To the school children of the United States of America
By Pope Paul VI

Dear school children of the United States of America,

This is the pope speaking to you from Vatican City. How very wonderful and consoling it is, that, by means of the marvel of radio, your Father in Christ can speak to you across the vast ocean that separates us, on this Ash Wednesday, the first day of the penitential season of Lent.

As you know, We recently visited your beautiful country, to make a plea for peace to representatives of most of the countries of the world, at the headquarters of the United Nations. The memory of that brief visit is still vivid in Our mind and heart. We recall with joy the warm welcome of the happy and healthy children, who lined the streets as We drove through the City of New York. We were deeply moved by the piety and firm faith shown by those children who were among the thousands attending the Holy Mass We offered in Yankee Stadium. We are grateful for the gracious hospitality and affection that met Us on every side. May your land always remain strong and prosperous, and its citizens be motivated by true Christian principles.

But, in other parts of the world, there are children with lined and sorrowful faces looking old before their time, their little bodies racked by disease and wasted by hunger, with no medicine to relieve their pain, no food to satisfy their hunger.

We think especially today, with sadness in Our heart, of the children of Vietnam, innocent victims of war. So many of them have been killed or wounded; so many others, orphaned or separated from their mothers and fathers. They roam the streets, even the dangerous battle areas, lost and confused; not knowing where to go, with no one to help them. They are among the saddest and most needy children in the world today.

All of these are the spiritual children of the Pope, and now, as in past years, We again ask you good American boys and girls to make an extra effort during the holy season of Lent, to help your less fortunate brothers and sisters, living in areas of need throughout the world. You can do this by self-denial, by prayer, and by giving.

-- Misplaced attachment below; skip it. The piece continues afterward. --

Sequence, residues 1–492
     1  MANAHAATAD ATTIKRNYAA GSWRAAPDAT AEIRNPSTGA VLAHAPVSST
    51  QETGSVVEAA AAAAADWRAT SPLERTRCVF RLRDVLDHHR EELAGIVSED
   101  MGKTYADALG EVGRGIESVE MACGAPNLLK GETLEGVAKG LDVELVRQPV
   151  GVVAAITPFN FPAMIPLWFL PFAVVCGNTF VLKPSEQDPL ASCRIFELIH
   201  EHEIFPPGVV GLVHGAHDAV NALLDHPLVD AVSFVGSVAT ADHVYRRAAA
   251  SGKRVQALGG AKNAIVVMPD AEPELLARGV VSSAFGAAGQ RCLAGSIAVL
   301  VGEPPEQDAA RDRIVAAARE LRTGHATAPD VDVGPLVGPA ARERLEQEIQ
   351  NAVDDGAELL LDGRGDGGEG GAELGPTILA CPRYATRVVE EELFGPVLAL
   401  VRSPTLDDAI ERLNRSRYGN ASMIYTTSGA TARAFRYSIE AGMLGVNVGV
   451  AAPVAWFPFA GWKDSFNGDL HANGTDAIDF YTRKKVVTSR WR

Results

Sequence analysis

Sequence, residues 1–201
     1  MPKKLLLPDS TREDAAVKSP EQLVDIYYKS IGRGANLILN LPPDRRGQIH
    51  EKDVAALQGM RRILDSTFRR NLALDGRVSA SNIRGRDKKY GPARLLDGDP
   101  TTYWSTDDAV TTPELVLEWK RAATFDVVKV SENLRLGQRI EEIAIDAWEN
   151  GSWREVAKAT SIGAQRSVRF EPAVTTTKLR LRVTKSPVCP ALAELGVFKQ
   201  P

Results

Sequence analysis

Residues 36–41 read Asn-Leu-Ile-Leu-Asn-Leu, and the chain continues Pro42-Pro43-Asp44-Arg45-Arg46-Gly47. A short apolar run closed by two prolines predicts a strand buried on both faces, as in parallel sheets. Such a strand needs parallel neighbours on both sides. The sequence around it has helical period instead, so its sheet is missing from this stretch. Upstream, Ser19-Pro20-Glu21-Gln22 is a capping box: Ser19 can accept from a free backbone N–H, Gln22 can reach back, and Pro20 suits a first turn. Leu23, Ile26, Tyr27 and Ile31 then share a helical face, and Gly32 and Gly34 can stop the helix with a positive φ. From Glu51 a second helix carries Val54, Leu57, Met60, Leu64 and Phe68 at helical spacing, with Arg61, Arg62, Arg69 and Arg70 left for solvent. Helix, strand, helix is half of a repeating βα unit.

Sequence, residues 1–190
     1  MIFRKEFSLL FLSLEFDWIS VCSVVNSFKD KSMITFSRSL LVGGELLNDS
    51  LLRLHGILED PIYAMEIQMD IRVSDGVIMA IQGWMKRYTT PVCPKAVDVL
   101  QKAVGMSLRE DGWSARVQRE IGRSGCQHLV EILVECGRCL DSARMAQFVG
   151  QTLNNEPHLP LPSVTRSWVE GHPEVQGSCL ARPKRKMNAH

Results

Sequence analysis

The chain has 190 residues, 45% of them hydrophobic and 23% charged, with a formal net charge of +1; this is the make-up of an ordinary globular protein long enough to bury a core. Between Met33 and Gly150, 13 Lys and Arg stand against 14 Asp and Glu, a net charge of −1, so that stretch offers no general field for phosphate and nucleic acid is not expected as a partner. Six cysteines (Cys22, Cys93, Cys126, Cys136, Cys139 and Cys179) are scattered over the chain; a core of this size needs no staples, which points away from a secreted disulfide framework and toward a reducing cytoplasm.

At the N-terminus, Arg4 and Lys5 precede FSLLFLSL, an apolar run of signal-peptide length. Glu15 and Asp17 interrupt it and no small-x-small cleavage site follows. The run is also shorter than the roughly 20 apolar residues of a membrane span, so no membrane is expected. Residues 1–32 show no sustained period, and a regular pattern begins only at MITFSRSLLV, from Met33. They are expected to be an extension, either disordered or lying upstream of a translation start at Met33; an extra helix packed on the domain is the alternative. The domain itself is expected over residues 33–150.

Self-denial done in memory of the sufferings of Our Lord, which the Church calls to our minds during Lent, can help strengthen your will, sharpen your mind and form strength of character. It is truly virtuous and good when you deny yourselves in order to help others who are in need.

What you deny yourselves during Lent, you should use to. help others by giving, by contributing to the Children’s Lenten Collection held in all your schools. Every cent you give is used to support the worldwide aid programs of Catholic Relief Services, the agency formed by your Bishops to help the poor, the sick and the needy in other lands.

Finally, Lent is a time of prayer as well as of penance. So We urge you to pray for those children who suffer cold, hunger and disease, asking God to comfort and sustain them, and to grant them relief and assistance.

To make sacrifices for other children, to pray for those who are not so well off as you are, to give generously to boys and girls like you, who are in need of help-these are also valuable ways of expressing your thanks to God for the many blessings He has showered on you, your families and your beloved country.

We are mindful of your past goodness to poor children of the world, so We are confident that you will be generous to this year’s appeal in their name. We call down upon each one of you, your good parents, the priests of your parishes, the Brothers and Sisters of your schools and all your teachers, the richest graces of Our Father in heaven. And We lovingly bestow upon you all Our paternal Apostolic Blessing.

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Liturgical Calendar

April 24, 2014

Thursday within the Octave of Easter

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Catholic Daily

Gospel of the Day

Lk 24:35-48


Daily Readings

First Reading:: Acts 3:11-26
Gospel:: Lk 24:35-48

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Homily of the Day

Lk 24:35-48


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